Continuing Bevacizumab With Second-Line Chemotherapy for Metastatic Colorectal Cancer Lengthens Patients' Lives

ASCO Annual Meeting
June 3, 2012

Researchers found that continuing bevacizumab (Avastin) while switching the chemotherapy used for second-line treatment lengthened the lives of patients with metastatic (cancer that has spread) colorectal cancer who had already received bevacizumab and another type of chemotherapy, a new study showed. Second-line treatment is treatment given after the first treatment, called first-line treatment, has stopped working. This approach has been used in the United States, and this study confirms its use as an effective treatment method.

Bevacizumab is a type of targeted therapy called an anti-angiogenic. Targeted therapy is a treatment that targets the cancer's specific genes, proteins, or tissue environment that contributes to cancer growth and survival. An anti-angiogenic is focused on stopping the tumor from making the blood vessels it needs to grow and spread.

The 820 patients who participated in this study had metastatic colorectal cancer that could not be removed with surgery. They received bevacizumab plus standard first-line chemotherapy with either oxaliplatin (Eloxatin) or irinotecan (Camptosar). When the cancer worsened, patients were then given second-line chemotherapy with the alternate drug and either  bevacizumab or a placebo (an inactive treatment). Researchers found that the patients who received bevacizumab as part of their second-line treatment lived about 11 months, compared with nearly 10 months for those who received chemotherapy and a placebo for second-line treatment. In addition, second-line treatment with bevacizumab kept the cancer from worsening for about a month and a half longer than chemotherapy alone.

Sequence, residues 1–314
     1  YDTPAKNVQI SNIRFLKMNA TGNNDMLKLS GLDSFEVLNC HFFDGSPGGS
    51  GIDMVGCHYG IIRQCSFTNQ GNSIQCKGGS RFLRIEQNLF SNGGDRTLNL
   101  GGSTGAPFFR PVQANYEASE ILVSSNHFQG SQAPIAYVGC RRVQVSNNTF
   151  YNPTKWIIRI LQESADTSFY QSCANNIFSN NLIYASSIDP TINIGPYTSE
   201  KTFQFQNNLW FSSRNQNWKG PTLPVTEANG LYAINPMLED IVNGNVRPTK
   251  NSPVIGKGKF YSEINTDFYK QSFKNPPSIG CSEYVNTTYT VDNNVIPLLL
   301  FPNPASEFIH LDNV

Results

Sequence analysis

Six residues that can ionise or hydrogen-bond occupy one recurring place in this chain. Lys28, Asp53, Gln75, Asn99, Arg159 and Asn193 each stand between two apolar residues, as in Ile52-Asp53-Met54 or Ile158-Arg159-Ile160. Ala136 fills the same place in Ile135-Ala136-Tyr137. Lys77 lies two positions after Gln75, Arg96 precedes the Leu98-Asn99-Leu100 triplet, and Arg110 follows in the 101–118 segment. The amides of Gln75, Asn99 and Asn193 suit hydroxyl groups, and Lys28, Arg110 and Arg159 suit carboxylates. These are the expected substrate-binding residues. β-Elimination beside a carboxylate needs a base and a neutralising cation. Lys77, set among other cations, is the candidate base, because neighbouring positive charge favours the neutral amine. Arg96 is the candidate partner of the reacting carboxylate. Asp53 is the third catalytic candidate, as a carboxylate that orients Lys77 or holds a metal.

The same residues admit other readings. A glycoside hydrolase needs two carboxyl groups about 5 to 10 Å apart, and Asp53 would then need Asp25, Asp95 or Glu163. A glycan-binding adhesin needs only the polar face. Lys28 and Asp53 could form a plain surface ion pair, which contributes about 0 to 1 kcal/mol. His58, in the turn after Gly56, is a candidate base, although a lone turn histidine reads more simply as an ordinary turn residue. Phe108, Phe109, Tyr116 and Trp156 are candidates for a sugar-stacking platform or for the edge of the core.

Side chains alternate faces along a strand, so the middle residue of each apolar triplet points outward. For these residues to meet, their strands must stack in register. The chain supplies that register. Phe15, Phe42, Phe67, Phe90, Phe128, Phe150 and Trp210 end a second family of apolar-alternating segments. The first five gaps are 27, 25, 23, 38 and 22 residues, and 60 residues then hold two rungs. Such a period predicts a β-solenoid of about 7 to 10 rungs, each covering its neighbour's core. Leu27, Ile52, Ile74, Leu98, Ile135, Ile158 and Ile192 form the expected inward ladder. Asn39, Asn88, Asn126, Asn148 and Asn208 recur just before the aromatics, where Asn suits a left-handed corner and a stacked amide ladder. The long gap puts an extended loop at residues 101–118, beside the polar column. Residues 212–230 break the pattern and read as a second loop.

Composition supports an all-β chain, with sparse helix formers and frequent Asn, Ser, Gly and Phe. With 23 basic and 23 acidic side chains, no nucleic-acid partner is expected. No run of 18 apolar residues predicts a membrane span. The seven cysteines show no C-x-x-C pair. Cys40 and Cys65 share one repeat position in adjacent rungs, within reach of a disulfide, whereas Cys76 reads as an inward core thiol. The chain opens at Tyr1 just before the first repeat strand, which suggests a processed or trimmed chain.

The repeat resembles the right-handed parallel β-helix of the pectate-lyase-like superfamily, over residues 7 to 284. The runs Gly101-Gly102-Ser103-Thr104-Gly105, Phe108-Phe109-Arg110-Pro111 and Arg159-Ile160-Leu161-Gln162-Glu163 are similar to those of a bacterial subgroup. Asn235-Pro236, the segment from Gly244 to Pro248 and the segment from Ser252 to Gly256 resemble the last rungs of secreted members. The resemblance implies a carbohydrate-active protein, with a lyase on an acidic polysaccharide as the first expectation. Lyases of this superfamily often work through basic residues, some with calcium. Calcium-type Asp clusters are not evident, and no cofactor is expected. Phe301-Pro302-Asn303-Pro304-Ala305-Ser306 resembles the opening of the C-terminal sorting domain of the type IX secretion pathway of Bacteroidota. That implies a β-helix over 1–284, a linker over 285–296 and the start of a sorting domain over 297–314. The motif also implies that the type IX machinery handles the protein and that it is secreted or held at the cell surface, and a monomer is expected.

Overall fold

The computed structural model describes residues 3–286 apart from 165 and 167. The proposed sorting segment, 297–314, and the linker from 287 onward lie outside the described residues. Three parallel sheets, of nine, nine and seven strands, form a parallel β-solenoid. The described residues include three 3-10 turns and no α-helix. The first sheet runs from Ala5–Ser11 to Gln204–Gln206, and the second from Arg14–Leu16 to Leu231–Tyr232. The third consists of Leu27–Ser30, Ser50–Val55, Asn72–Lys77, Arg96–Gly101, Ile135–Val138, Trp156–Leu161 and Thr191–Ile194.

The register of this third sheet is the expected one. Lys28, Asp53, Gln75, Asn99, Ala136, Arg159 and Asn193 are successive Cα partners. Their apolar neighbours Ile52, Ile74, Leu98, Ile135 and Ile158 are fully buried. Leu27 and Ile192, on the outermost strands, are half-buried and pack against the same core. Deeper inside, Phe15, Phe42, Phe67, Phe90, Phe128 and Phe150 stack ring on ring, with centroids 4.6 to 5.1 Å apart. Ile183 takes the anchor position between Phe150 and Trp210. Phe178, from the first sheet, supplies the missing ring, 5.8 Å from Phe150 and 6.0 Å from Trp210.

What this means for patients

“These findings confirm what many physicians and researchers have long suspected - that extended bevacizumab treatment provides meaningful benefits for patients with advanced colorectal cancer, without adding significant side effects,” said Dirk Arnold, MD, Director of the Hubertus Wald Tumor Center, University Cancer Center (UCCH) of University Clinic Eppendorf, Hamburg, Germany, and Speaker of the German AIO Colorectal Cancer Collaborative Study Group, which started the study. “By switching chemotherapy when the cancer worsens and continuing with bevacizumab, we can make second-line treatment even more effective.” Talk with your doctor about the treatment options for colorectal cancer, including the specific drugs that are recommended.

Questions to ask your doctor

  • What stage of colorectal cancer do I have? What does this mean?
  • What are my treatment options?
  • What treatment plan do you recommend? Why?
  • Do you recommend switching treatments? Why and at what point during my treatment plan?
  • What are the side effects of treatment? How can they be managed?

For More Information

Guide to Colorectal Cancer

Understanding Targeted Treatments

Angiogenesis and Angiogenesis Inhibitors to Treat Cancer

When the First Treatment Doesn?t Work

Placebos in Cancer Clinical Trials